It begins simple enough with an inverted V-flow from the gathering pool, but then it quickly V’s out again as might some riverine hourglass with opened bottom spill asunder its contents into a stony blockade with many channels—channels which in turn divide again, creating even more intricate paths to follow. And if that were not chilling enough, there is a strange, unaccountable pulse—a surge and ebb—to the river in this foreboding place, so routes deemed safe passage one moment become sieve-filled dead ends the next. It seems the only fictive boatmen to have even attempted The Imbroglio are the lifeless logs now jammed upright like wonky guidepegs into stony recesses or lie in repose bridging gaps too narrow through which to turn.
I watched as she arced downstream from the gathering pool and began her descent into the mazy confines of The Imbroglio. She passed through the first series of counterposed slots as might some colorful streamer wend its way through tendrils of wind. Then she stopped abruptly as the first staccato surge suddenly welled-up beneath her, breaking the flowing meter she seemed to be riding and side-surfed the resulting mound of water that billowed in crescendo against a boulder in front of her. In a backsurf position she quickly arced across river and dropped through a different opening between the rocks, as if manifesting a change of key. And she did this again and again and again….
“Read and play the secret music,” she had said.
I watched in awe as the complex chords, the flowing notes, and the intricate keys converged in a cosmic performance of aplomb and grace that afforded her safe passage through an abominable—although magnificent—river gorge. She played until she dissolved into the river, only to emerge again and again attuned and unscathed as she meticulously worked her way through this complex aria of stone and water, and there could be no superlative to what I had just witnessed.
I finally made my way down to the end of the chasm where the river finally returned to the merely challenging realm (as might be defined by the highly experienced boater). I was surprised to see her sitting there in an eddy, as if waiting for me. I wanted to compliment her… to express my astonishment… my admiration… on what I had just seen, but she said nothing and left the eddy before I could draw near enough for conversation.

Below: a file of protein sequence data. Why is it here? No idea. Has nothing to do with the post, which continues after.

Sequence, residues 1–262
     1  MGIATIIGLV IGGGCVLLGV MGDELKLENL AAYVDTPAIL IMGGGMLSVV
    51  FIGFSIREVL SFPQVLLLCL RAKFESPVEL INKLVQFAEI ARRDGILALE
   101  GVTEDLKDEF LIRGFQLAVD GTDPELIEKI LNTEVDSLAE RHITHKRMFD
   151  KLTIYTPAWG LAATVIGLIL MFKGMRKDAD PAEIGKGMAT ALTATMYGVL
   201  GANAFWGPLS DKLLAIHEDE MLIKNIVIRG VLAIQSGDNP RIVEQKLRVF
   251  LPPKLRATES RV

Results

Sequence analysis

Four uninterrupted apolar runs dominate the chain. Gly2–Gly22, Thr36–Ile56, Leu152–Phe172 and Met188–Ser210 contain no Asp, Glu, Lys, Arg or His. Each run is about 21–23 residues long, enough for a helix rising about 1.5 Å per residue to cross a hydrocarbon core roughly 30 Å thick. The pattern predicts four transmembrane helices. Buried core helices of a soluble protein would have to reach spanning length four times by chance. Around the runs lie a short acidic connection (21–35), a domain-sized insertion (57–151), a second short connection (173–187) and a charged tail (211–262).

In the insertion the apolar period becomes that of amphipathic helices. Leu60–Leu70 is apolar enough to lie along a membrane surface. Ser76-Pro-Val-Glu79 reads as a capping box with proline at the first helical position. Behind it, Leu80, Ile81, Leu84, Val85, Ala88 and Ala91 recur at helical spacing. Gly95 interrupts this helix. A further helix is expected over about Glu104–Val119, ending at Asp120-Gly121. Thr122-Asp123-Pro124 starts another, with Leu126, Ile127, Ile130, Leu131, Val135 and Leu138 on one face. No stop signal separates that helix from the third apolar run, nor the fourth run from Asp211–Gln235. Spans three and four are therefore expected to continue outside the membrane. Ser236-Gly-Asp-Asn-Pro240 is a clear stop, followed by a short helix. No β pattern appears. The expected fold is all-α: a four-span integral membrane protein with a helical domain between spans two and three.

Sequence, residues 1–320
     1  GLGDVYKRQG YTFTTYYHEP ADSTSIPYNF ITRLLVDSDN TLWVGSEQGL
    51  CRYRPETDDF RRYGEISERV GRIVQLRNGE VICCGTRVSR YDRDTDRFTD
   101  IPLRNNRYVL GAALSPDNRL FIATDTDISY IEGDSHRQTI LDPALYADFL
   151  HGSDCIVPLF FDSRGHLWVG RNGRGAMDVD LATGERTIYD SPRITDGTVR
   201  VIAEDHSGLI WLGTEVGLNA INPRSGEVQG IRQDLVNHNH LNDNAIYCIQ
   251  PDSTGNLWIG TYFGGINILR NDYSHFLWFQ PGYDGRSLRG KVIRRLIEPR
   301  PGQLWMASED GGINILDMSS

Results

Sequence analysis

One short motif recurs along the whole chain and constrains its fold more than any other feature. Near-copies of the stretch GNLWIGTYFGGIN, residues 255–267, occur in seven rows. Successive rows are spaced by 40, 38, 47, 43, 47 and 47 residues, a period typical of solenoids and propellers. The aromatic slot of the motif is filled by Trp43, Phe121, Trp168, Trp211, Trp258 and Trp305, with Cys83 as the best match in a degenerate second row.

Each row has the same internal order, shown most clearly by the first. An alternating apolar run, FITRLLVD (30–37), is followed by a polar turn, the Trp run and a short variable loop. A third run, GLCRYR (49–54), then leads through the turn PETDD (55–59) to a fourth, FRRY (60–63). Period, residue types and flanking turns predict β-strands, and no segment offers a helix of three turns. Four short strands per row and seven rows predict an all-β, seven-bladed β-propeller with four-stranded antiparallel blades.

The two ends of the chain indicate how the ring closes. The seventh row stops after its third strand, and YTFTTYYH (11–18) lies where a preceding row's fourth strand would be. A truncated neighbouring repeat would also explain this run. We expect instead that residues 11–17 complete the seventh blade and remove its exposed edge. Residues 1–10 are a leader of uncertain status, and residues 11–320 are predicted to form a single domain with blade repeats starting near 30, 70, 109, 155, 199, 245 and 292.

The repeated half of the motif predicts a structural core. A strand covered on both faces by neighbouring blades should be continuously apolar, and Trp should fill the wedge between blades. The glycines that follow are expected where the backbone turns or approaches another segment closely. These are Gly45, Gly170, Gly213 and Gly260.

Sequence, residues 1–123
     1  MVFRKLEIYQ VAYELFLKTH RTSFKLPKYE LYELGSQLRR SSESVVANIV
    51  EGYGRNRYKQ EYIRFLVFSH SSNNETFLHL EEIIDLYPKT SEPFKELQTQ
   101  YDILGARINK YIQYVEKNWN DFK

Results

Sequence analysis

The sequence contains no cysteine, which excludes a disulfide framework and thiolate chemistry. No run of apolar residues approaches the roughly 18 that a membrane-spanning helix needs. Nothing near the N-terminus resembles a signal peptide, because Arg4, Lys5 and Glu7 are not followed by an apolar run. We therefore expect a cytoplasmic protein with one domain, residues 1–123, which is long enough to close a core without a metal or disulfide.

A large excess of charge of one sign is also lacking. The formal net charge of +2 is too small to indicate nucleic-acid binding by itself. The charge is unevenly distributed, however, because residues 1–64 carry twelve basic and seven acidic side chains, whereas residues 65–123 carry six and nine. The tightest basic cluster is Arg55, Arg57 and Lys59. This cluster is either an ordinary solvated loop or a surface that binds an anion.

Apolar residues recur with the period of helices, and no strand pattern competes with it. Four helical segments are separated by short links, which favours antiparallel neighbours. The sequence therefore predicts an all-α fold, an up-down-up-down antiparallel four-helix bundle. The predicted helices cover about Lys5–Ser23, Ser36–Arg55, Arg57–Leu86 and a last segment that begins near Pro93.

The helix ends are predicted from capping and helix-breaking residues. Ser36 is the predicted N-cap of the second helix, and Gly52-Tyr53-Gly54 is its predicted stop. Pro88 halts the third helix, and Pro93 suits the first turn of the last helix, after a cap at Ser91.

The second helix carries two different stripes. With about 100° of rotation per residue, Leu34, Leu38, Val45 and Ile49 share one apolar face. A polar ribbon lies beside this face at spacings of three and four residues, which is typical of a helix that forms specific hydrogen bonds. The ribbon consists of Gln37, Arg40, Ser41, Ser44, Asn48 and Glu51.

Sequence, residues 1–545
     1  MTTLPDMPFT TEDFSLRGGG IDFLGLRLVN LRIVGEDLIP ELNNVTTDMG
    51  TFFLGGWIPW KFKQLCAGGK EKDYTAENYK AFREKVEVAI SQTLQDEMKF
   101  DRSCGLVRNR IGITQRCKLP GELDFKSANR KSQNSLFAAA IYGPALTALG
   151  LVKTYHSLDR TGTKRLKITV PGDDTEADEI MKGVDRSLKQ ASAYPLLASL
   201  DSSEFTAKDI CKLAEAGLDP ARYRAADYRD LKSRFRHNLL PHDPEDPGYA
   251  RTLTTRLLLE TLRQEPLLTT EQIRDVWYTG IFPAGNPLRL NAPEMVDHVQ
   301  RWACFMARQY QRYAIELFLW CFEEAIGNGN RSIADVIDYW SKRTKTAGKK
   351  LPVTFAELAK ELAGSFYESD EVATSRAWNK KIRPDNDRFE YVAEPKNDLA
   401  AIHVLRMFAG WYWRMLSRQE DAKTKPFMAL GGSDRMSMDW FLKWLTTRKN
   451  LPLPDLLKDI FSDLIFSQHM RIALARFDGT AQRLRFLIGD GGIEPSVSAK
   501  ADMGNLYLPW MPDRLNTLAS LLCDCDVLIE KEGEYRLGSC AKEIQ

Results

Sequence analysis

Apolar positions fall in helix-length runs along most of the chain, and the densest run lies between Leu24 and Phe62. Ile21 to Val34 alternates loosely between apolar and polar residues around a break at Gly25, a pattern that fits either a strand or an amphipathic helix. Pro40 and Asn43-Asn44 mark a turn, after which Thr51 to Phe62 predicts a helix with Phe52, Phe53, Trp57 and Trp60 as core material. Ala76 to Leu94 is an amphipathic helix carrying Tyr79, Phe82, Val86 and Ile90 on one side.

I shouted out, “What’s your name?”
From downstream she turned briefly and replied, “Ariadne!”
* * *
As I continue my ride upon this colorful and exciting Mandela we call life, I sometimes reflect upon the opportunities and peak experiences that have passed my way. Many I recognized as such and grabbed without hesitation, but others came with strings attached and sometimes those strings were knotted to risks with downsides that pitched into utter darkness, and at those times a choice that involved the weighing of a consequence had to be made. That day I made the decision to carry The Imbroglio, and it is one I still question, even today, years later. I realize I missed one of those experiences that peg the life meter and one for which I even had a guide.
I sometimes play the harmonica, usually around a campfire where performer and audience are one. I know my simple 60’s folk tunes pale in comparison to the complex repertoire of string arias I heard that day from atop a boulder at the head of that magnificent gorge, just as my river skills pale in comparison with the one who “reads and plays the secret music.”
I’ve returned again and again to the gorge in hopes of seeing her once more… if only to hear her guitar or to witness another flawless run of The Imbroglio… or to chat… or just to be near….
But I’ve never seen her again.
I am moved by the music of the river… and those beautiful beings that pass our way.